5. Their original producer bailed because he was given a better offer by another band.

The band really wanted to work with producer Max Norman, because they were big fans of Ozzy Osbourne's Diary of a Madman. 

"So he flew to Houston to see a gig and he loved us. We were all ready to go. But our recording budget only allowed for $30,000 for the producer," Paul told Wiederhorn. "About two days before we were supposed to start recording, Max got offered $50,000 to do Lynch Mob. So he calls us up and said, 'Guys, I need the money. I’m out.' We were like, 'What the fuck?'”

They ended up working with Terry Date instead, who produced for Soundgarden and Overkill.

6. "The Will to Survive" was left off the original set.

"The Will to Survive" was a song recorded along with the rest of the Cowboys tracks, but left off of the album mostly due to how differently it sounded from the rest. It was more melodic and featured Anselmo singing much more smoothly than the sound he was going for on the rest of the album. The demo was included in the 20th anniversary edition, which was released in July of 2010 by Rhino Records.

"You listen to that song and you can tell it was written before I was in the band," Anselmo told Rock Radio's Paul Anthony. "We performed it early in the days of me being there. It didn't really fit the previous lineup who recorded the Power Metal album. So it sure as hell wasn't going to rest well with the tracks on Cowboys From Hell. It was kind of a sore thumb sticking out. It showed we had a willingness for diversity – but there was no way any one of us was going to replace that song with any of the new ones."

7. Anselmo broke a chair while recording "Cemetery Gates."

And it wasn't on accident. "That was just my second time in the studio, and I fuckin’ hated it," he confessed to Classic Rock. "There’s one note that comes up twice in 'Cemetery Gates' that I could not do for hours. I broke a chair, I was so goddamn frustrated."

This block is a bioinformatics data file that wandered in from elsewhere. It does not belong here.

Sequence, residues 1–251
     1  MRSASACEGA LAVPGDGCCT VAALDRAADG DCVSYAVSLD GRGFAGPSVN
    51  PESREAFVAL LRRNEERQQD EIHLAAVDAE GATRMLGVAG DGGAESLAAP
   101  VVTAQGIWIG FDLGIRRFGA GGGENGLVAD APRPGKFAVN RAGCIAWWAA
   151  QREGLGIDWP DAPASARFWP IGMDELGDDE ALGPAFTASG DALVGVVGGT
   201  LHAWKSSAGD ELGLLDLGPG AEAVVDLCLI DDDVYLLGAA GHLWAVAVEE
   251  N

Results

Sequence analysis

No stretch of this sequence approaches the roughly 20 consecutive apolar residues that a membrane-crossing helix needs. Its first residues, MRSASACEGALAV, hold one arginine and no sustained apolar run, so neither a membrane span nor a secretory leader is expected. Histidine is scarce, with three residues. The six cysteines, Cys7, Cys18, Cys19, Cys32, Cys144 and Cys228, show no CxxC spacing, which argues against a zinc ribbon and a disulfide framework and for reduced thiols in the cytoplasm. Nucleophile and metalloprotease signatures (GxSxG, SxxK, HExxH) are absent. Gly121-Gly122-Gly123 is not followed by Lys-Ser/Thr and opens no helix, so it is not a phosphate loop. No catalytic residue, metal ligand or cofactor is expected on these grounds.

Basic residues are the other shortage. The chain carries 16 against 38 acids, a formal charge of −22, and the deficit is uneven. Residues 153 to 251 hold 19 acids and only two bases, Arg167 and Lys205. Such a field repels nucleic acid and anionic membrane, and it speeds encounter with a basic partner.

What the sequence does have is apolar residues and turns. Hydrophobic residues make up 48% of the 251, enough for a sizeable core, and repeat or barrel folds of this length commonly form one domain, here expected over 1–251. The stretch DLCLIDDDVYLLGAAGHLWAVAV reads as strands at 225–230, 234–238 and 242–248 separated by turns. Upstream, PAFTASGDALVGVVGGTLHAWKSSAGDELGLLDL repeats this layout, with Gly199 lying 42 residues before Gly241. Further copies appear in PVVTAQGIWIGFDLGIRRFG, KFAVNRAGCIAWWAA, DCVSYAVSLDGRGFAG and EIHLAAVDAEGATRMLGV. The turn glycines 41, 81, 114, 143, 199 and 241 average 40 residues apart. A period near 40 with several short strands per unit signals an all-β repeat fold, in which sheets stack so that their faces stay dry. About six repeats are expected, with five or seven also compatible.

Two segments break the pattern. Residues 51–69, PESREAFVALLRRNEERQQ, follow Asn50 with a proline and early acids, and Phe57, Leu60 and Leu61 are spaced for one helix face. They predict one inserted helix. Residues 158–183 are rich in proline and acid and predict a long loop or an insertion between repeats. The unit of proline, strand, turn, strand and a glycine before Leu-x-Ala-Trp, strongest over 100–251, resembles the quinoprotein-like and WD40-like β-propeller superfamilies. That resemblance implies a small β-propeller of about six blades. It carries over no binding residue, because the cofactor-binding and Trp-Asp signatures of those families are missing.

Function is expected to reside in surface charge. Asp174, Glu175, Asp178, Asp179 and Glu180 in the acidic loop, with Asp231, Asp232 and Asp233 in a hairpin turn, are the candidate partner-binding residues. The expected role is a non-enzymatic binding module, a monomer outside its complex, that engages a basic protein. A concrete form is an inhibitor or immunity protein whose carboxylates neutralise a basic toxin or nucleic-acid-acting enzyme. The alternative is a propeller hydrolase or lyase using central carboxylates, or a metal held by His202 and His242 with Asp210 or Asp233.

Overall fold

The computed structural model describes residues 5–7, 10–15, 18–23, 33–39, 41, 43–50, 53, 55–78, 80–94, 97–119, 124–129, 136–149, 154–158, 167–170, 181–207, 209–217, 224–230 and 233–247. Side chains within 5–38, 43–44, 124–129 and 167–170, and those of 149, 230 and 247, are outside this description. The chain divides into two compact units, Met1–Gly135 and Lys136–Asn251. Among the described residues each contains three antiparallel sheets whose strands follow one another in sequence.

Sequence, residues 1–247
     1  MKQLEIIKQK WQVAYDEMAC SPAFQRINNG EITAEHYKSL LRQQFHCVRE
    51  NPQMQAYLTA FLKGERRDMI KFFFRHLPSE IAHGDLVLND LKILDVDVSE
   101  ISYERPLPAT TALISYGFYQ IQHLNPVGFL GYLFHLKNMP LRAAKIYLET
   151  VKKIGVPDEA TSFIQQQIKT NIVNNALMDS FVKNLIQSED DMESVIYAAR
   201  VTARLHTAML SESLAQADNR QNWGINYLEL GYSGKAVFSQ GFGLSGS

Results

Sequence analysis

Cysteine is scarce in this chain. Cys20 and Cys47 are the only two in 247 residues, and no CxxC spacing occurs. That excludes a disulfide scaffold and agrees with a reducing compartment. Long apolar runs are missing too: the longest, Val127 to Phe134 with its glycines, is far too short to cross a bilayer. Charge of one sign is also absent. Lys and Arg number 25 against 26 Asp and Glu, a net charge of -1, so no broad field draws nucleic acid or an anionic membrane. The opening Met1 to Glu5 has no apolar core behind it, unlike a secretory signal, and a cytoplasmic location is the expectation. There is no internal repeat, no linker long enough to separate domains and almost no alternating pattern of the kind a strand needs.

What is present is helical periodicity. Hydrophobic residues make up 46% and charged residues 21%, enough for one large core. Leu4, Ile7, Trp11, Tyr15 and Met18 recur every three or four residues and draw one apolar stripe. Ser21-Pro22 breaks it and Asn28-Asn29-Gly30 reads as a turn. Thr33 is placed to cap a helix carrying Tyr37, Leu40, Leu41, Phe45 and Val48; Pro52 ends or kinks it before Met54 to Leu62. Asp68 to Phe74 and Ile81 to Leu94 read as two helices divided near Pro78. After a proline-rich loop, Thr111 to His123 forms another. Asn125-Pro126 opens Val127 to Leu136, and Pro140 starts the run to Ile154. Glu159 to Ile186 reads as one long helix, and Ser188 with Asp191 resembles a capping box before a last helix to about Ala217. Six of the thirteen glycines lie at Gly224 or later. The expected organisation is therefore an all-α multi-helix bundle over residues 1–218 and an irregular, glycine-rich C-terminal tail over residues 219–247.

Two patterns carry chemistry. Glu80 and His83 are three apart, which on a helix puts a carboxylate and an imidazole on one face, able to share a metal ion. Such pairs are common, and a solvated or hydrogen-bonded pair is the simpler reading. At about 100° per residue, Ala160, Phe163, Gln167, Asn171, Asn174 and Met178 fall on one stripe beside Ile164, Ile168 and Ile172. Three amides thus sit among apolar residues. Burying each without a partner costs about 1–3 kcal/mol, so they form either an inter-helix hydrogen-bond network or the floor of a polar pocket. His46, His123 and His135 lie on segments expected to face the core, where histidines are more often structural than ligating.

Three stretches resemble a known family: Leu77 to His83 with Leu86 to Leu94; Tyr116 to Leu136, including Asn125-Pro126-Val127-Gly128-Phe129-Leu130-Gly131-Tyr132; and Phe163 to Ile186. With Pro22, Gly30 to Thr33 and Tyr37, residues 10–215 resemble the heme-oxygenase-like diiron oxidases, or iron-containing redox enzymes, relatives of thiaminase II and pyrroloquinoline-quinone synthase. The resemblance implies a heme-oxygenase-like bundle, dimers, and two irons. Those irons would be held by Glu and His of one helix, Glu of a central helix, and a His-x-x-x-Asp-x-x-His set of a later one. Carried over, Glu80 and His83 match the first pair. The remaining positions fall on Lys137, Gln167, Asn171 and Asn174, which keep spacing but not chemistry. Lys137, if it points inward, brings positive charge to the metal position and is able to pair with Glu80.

Date then told the singer that Chris Cornell typically drank port wine prior while recording because it warms the throat. "So I’m sitting there drinking all this sweet fuckin’ wine trying to catch a little buzz. I still don’t know if that helped me hit that fucking note, but I finally did it," Anselmo admitted.

8. The album art depicts a saloon in Colorado.

The background of the photo on the cover is the inside of the Cosmopolitan Saloon in Telluride, Colorado. The original photo is from 1910, and the band members were pasted over it for the cover. See a photo of the saloon from the 1870s below.

Sepia Times
Atco Records

9. They toured over 300 dates to support it.

Following the release of Cowboys, Pantera embarked on an extensive tour, spanning over 300 dates. They hit the road with bands like Exodus and Suicidal Tendencies. They eventually caught the attention of Rob Halford, who performed onstage with them once in 1991 and led to them opening for Judas Priest in Europe.